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Once More…Dear Friends – One

Roy recovers and Lisa keeps watch. Drama, I-4

Character(s): Lisa Hawkeye, Roy Mustang
Pairing(s): Lisa/Roy

It was the smell again.

It was different this time, though, not just the smell of cooked meat, but something else, too. Something that caught in the back of his throat like burning oil.

Blood slid under his fingertip, always thinner and more watery than he thought it should be.

And he choked and reached again for the pattern in his mind. And again. And again.

But it wasn’t a skull in his hand, it was a gun; and there were two bodies on the floor in front of him.

Roy started awake with a jerk that set his head throbbing. Someone was cursing vigorously, and he heard the slithery thump of books being kicked aside. Hawkeye trod carefully into the faint lamplight glowing through the window, and looked down at him. “Bad one?” she asked quietly.

Roy shrugged, trying to find some spot on the pillow that would hold his head still enough for the left side to stop throbbing. The doctors swore the bones had reknitted, but Roy had his doubts when he woke up like this.

Hawkeye looked him over, gaze measuring in the half-dark. She plucked a sprig of hyacinth from the vase on one of the shelves and set it casually by his head as she sat down in the chair beside his bed.

Her chair, these days.

The scent of the flowers was sweet and strong and clean, and Roy closed his eye and inhaled deeper.

Hawkeye crossed one slippered foot over her knee and rubbed her toes. “I should have kept you at my apartment longer,” she said with some asperity. “At least I could walk across my guest room without tripping over anything.”

“I imposed on you for long enough,” Roy murmured. He was glad it was spring. The hyacinth had a gentler scent than the potted rose she’d silently deposited next to the guest bed early on during his stay with her.

A soft snort answered him. “There’s barely room in this flat for all of your things plus you,” she pointed out. “There’s a bookshelf in your kitchen, and the only real open space is the floor of your workroom. You should get a house. It isn’t as though you’ve used much of your salary for anything over the years; you can afford it.”

The commonplace discussion calmed the tension through Roy’s chest and stomach, and his next breath was freer. “I have no idea how to go about finding a house,” he observed, just to keep the conversation moving. “I gather one needs to be a bit careful, not to get stuck with anything unsound.”

“So take Hughes with you. I’m sure he’s had plenty of experience, by now, in what to look for.”

Roy imagined asking his best friend to go house-hunting with him. Then he imagined Hughes’ glee at the supposed breakdown of Roy’s bachelor ways, and the gleam in Hughes’ eye as he got out the pictures again to illustrate the joys of married life. And then he shuddered. “I don’t suppose you’d be interested in coming along instead?” he asked, trying to stifle the undertone of dread.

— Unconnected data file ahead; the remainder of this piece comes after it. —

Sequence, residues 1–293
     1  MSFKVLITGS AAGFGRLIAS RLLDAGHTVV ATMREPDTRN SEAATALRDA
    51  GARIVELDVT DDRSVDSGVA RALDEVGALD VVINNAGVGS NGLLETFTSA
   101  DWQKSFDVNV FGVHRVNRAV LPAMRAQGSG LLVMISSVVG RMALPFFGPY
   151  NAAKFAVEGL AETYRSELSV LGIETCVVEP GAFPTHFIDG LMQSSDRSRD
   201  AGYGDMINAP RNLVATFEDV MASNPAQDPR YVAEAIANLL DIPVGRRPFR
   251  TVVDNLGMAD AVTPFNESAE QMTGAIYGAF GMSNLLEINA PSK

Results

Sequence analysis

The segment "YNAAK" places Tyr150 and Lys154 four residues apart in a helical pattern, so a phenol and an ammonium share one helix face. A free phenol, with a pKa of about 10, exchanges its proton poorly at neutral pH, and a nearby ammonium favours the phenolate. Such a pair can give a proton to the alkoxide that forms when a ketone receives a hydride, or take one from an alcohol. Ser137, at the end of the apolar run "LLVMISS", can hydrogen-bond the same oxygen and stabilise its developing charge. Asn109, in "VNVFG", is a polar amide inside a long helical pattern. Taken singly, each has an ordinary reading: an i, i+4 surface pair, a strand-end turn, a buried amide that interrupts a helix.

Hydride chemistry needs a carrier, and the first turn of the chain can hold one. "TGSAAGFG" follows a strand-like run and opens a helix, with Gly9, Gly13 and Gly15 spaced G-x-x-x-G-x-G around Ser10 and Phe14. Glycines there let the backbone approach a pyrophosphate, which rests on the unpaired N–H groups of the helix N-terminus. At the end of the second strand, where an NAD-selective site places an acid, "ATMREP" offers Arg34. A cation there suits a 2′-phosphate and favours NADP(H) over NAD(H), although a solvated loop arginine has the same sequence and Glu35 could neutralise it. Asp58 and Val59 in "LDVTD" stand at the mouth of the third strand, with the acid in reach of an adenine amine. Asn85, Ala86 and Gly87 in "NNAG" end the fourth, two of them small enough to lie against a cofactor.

Hawkeye became so still he looked over at her. She was staring out the window. “I suppose so. If you like.”

The night shifted like a ball rolling a quarter turn; the new resting point was becoming familiar to him. “I would like it. Yes.” He wanted to reach over and touch her hand. He wanted to say something leading about how she would be spending so much time there she should have a say in the house. He wanted to address the woman sitting beside him with her light hair hanging loose over the shoulders of her fuzzy cinnamon colored robe, a little tangled from sleeping on his couch as she had been for most of this month.

Every time he did that, though, she got that distant, tolerant, Hawkeye-chuui, look in her eyes and stood up. Or asked him what book he was reading. Or stuffed a chunk of apple in his mouth. So this time, in this quiet dim time, he made himself stop and wait for her.

After a long moment she looked back down at him. “Then I’ll come.” This time, her smile wasn’t distant. Now he let himself smile back.

“Thank you.”

It was, Roy felt, completely in keeping with his life that the letter arrived the next day.


Last Modified: Feb 09, 12
Posted: Dec 07, 05
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    1. branchandroot Post author

      *grins* You figure, an apartment only has so much wall space, and bookshelves build up fast. I have an inkling that Roy doesn’t cook at home very often, either.

  1. wetheril

    I like the way you’ve portrayed the Hawkeye and Roy relationship. 🙂 I especially like how you juggle both sides of Hawkeye’s character; the “chuui” work, business side which often eclipses but fails to hide the “woman” that she is underneath. Nice work. (Will read more after class)

    1. branchandroot Post author

      Thank you!

      Hawkeye has so much depth to her, it would be a crime to lop either part of her off. *loves on Lisa* Which is most of what makes her so much fun to write, of course. ^_^